We Christians might remind ourselves, however, of the way in which, in his Sermon on the Mount, Jesus summed up the whole of the law in two commandments: love God and love your neighbour, insisting that the whole law of the Old Testament could be contained in a single phrase: "You shall love your neighbour as yourself." (Matthew 22:35-40). This way the whole social code contained in the Decalogue was reduced to the Golden Rule.

Variants of this rule can be found in other great religions as well as in ethical approaches that are purely secular. The so-called Golden Rule is the one guideline that is common to most creeds and appropriate to all communities. The golden rule was widespread throughout ancient ethics and religions. It was known in Hindu literature: 'Do not do to others what is unpleasant to yourself' (Mahabarata 5,1517). It appears in Confucianism: 'Tzu-kung asked saying, Is there any single saying that one can act upon all day and every day? The Master said, ‘Perhaps the saying about consideration: Never do to others what you would not like them to do to you' (Confucius, Analects, 15.23). In Judaïsm: 'You shall love your neighbour as yourself' (Leviticus 19:18); in Islam: 'No one is a true believer unless he desireth for his brother that which he desireth for himself' (Hadis 13 - An-Nawawi).

Now Christianity goes beyond the Golden Rule when Jesus said: "You have heard that it was said, 'You shall love your neighbour, and hate your enemy.' But I say to you, love your enemies and pray for those who persecute you." (Mat. 5:43-44)vv. Even for this teaching a parallel can be found in the doctrine of Taoism: 'To all who are good (to me) I am good; and to those who are not good (to me), I am also good; this way all will end up being good' (Tau The Tjing, 2,49,2).

We know, of course, that the different religious traditions stress diverse values. We speak of Confucian values, of Buddhist values, of Christian values, etc. But these values are distinct mainly in nuances, rarely in essential trends. Therefore they can serve as sound ethical foundations in a globalizing world.


It may be useful to compare globalization in the spiritual and ethical realm with a pattern we are observing in the linguistic field. The growing interconnectedness of the world has encouraged the development of translation software, but has also demonstrated the need for a global language, a "lingua franca," that will enable a sizeable number of literate people around the globe to communicate with each other. As a matter of fact, English has largely been adopted as that language. Does this mean the parallel extinction of other tongues and dialects? The risk exists, obviously. But on the other hand we notice a growing sensitivity to the values inherent in these languages as cultural vehicles. Strenuous efforts are made to promote their survival.

It may also be useful to evoke the political consequences of globalization, which were so eloquently presented by the host of Forum 2000, Vaclav Havel, President of the Czech Republic, in the address he made to the Parliament of Canada on April 29, 1999:

The world of the Twenty-First century ... will be a world of an ever closer cooperation, on a footing of equality, amongst larger and mostly transnational bodies that will sometimes cover whole continents. In order that the world can be like this, individual entities, cultures or spheres of civilization must clearly recognize their own entities, understand what makes them different from others and accept the fact that such "otherness" is not a handicap, but a singular contribution to the global wealth of the human race.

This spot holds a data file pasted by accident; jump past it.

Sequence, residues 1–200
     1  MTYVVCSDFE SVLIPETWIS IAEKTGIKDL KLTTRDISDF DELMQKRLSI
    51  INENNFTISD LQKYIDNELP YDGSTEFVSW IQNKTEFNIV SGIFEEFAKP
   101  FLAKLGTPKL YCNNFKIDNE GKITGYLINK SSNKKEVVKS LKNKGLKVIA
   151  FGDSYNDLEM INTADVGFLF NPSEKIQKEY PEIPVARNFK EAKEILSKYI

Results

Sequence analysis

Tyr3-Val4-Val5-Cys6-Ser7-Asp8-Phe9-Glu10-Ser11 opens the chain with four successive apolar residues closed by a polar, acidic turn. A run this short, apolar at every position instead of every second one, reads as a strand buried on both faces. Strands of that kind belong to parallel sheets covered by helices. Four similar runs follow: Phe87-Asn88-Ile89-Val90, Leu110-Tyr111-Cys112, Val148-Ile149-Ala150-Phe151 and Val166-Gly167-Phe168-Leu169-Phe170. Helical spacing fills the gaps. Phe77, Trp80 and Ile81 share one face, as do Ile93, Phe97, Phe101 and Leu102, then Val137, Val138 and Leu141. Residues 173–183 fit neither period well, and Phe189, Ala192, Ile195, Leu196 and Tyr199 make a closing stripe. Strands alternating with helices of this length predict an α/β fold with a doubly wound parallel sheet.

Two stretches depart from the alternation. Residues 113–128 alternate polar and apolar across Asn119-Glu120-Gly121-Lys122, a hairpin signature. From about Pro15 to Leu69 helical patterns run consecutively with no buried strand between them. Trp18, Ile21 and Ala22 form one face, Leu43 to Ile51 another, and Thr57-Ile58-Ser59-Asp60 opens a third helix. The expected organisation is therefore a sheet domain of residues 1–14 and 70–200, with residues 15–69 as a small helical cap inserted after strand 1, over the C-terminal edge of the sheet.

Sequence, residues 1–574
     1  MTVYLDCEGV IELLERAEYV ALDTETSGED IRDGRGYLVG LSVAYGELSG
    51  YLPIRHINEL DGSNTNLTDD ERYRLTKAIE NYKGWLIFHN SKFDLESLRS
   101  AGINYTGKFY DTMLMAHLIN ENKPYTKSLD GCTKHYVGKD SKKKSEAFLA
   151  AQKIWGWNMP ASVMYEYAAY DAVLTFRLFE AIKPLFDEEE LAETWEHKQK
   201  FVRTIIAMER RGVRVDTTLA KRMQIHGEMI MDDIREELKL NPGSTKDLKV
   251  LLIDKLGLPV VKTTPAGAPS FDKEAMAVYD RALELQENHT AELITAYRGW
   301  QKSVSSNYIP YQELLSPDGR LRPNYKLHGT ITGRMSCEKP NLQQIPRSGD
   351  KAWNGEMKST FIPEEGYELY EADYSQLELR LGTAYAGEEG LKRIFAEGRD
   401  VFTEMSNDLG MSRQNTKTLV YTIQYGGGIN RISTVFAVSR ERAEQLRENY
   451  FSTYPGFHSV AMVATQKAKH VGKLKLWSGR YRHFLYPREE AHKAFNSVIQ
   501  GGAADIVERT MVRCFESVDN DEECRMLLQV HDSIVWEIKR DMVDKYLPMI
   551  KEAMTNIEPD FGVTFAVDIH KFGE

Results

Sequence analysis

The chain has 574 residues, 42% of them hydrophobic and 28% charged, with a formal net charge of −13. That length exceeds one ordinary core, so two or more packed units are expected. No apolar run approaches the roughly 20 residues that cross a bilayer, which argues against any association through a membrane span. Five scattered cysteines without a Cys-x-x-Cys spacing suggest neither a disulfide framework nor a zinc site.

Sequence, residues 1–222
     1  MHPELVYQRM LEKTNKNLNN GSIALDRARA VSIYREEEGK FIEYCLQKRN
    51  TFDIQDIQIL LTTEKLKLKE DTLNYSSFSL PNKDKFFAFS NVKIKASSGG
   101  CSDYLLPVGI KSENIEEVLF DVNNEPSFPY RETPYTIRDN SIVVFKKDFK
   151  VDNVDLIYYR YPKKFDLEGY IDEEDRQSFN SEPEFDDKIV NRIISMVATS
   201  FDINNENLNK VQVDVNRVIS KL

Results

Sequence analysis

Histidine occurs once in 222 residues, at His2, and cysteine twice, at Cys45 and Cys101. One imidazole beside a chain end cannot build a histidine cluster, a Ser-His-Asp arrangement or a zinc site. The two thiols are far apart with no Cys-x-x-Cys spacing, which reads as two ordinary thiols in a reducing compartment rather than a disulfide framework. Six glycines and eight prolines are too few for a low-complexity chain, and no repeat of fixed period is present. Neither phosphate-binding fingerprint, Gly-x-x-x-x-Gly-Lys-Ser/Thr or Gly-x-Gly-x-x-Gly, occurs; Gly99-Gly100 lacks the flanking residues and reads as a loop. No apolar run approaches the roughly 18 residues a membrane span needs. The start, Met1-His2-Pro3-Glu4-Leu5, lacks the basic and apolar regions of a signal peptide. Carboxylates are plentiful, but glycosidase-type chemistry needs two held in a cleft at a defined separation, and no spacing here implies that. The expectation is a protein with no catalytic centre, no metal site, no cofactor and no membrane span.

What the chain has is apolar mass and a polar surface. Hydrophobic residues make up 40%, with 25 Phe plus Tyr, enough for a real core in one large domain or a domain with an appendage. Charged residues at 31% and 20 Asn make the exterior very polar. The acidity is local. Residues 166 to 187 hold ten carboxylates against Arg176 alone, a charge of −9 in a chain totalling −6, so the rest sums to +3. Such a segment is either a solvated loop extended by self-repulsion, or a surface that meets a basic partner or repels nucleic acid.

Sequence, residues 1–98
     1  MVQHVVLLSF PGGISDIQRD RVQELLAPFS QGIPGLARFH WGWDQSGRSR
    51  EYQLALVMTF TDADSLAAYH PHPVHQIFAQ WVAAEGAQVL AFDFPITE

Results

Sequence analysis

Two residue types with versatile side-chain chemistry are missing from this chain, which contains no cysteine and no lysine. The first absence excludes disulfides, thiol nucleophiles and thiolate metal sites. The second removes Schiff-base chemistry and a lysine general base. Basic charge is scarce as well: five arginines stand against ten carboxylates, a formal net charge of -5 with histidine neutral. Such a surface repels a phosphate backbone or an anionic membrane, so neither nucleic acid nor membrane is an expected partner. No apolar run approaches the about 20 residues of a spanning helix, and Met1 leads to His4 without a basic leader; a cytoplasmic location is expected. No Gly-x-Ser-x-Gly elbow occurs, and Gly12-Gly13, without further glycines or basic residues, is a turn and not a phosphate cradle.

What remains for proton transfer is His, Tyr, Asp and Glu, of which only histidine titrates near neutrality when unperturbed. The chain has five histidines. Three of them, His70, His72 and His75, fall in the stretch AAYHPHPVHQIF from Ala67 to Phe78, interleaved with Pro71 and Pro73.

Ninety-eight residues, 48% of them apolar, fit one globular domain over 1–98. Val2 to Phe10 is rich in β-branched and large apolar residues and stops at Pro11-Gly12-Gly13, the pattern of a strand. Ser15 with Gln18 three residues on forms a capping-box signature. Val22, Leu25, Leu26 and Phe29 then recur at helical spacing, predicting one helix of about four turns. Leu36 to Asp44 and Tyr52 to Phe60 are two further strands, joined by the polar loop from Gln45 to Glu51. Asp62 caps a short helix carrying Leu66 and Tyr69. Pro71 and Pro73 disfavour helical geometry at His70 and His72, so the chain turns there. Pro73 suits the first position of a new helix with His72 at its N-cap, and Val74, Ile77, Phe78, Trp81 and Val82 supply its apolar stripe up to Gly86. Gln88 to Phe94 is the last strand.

The progress of globalization cannot but have an impact on all aspects of life, including in the spiritual and ethical realm. There doesn't appear to be any reason for misgivings. On the contrary, globalization holds the potential of better understanding through contact and dialogue.


i.. as quoted by Fred W. Riggs in Globalization - Key concepts.

ii.. Ibid

iii.. "Globalization - Key concepts", notes : "When the main links between China and Rome involved long-distance camel caravans travelling over Central Asia, or junks and dhows sailing the Indian Ocean, we can think of the system as loosely netted or having low density. By contrast, in today's world, air travel and cyberspace permit the modern network of global linkages to be extremely dense."


v.. Thomas L. Friedman, The Lexus and the Olive Tree: Understanding Globalization, 1999.

ii.. commentary by Wendy Kaminer in The Globe and Mail of November 2, 1996: God is still not dead

iii.. The Tibetan prayer wheel is the equivalent of the repetition of a mantra

iiii.. George Bernard Shaw, vol 2, Preface p. vii

xx.. Al Seckel, Bertrand Russell on God and Religion (1986), p. 9

x.. Professor Emeritus of Religion, Carleton University.

ii.. According to Antonio Gualtieri in Confessional Theology in the context of the history of religions (1972)

iii.. By faith we mean "the assurance of things hoped for, the conviction of things not seen." (Hebrews 11:1)

iiii.. On December 6, 1996, the Edmonton Sun published a commentary by Jeff Craig on a one-hour retrospective marking the first anniversary of Robertson Davies' death. Craig called him a "literary legend" and went on: "As an essayist and lecturer, Davies earned the mantle of the greatest man of letters the country has known." For decades Robertson was also master of the University of Toronto's Massey College.

vvv.. in a letter to The Globe and Mail, February 14, 1990.

vv.. The same idea is expressed in Mat. 5:38-41: "You have heard that it was said, 'An eye for an eye, and a tooth for a tooth.' But I say to you, do not resist evil; but whoever slaps you on your right cheek , turn to him the other also; Romans 12:14: Bless those who persecute you; bless and curse not; Romans 12:17: Never pay back evil for evil to anyone; Romans 12:21: Do not be overcome by evil, but overcome evil with good."